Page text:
My favorite trip for photography this year- although it too was cut short - not by COVID but rather electrical issues with my Casita - was to the McGee Creek area of the Sierra Nevada. The first photo is of a nearby aspen grove and the second of McGee Creek Pass.
So, there you have it. I am still planning trips for 2021 although all in California, Nevada and Arizona. I will also be spending much of my time planning for 2022. That year will mark my 65th on the planet and I want to celebrate in style. First, with a huge backyard fiesta and then with a 3 month cross country trip - similar to Travels with Charley and Blue Highways - well, my version, anyway. I am excited about it - it will be the "trip of a lifetime" from sea to shining sea. It will feature nature and plains and mountains and National Parks I haven't previously visited with lots of baseball including a visit to Cooperstown and music - lots of music - including much of the Mississippi Blues Trail. I hope to see you when I'm on the road!
Now, let's stay safe - let's get through 2021 in style and and may you all have the happiest of holiday seasons.
I retired several years ago. My long term and instant goal was to get "out there". WAY out there. Often. Included in that dream was time with my kids in wild and natural places. I've been able to largely accomplish that goal. Each of my three children have gone with me. But...I hadn't been able to accomplish the one thing I'd been thinking of very often - going with my two boys together. When they were younger we regularly camped at Pismo Beach and other places and they are some of the best memories of my life.
For many years as they were growing up we all lived together. However, to my great regret, I spent far too much time away from home while trying to "change the world" and never spent as much time as I wanted to spend with these two young men- who, along with their sister, are simply the greatest joys of my life.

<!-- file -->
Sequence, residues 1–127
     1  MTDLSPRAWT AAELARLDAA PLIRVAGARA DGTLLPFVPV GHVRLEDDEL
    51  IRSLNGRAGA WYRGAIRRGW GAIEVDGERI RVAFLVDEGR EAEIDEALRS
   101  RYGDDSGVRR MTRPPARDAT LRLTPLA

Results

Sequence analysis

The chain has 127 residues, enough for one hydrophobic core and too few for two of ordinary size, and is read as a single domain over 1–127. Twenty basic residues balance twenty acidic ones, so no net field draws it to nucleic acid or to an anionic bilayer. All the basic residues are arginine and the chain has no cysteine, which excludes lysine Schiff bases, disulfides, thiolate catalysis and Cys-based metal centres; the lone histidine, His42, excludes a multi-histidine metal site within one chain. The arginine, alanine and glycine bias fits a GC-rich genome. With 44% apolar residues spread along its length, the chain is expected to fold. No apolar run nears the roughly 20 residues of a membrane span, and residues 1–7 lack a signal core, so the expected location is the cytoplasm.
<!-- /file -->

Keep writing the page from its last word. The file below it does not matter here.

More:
What gave me solace was knowing that "some day" after I retired we could finally spend quality time together for an extended period of time. But, my friends, you know how that goes. They grow up and guess who's busy now?!
But, HEY! We finally made it happen. Our original plan was to camp at Indian Cove in Joshua Tree National Park, but, thanks to the genius in the White house our reservations were canceled. We quickly made plan B - getting the LAST spot available in the Borrego Palm Canyon campground (the big one) in Anza-Borrego State Park.
Anza-Borrego is in the Colorado Desert which becomes the Sonoran Desert as one moves eastward and it changes into something much different. I love Anza-Borrego but it's rarely as green as the Sonoran and has different flora - no saguaros for example. It's more stark and barren. But, after the rain we've had this winter though Anza-Borrego was greener than I've ever seen it. I'm guessing the wildflowers will be spectacular in just a few weeks. It was gem-like.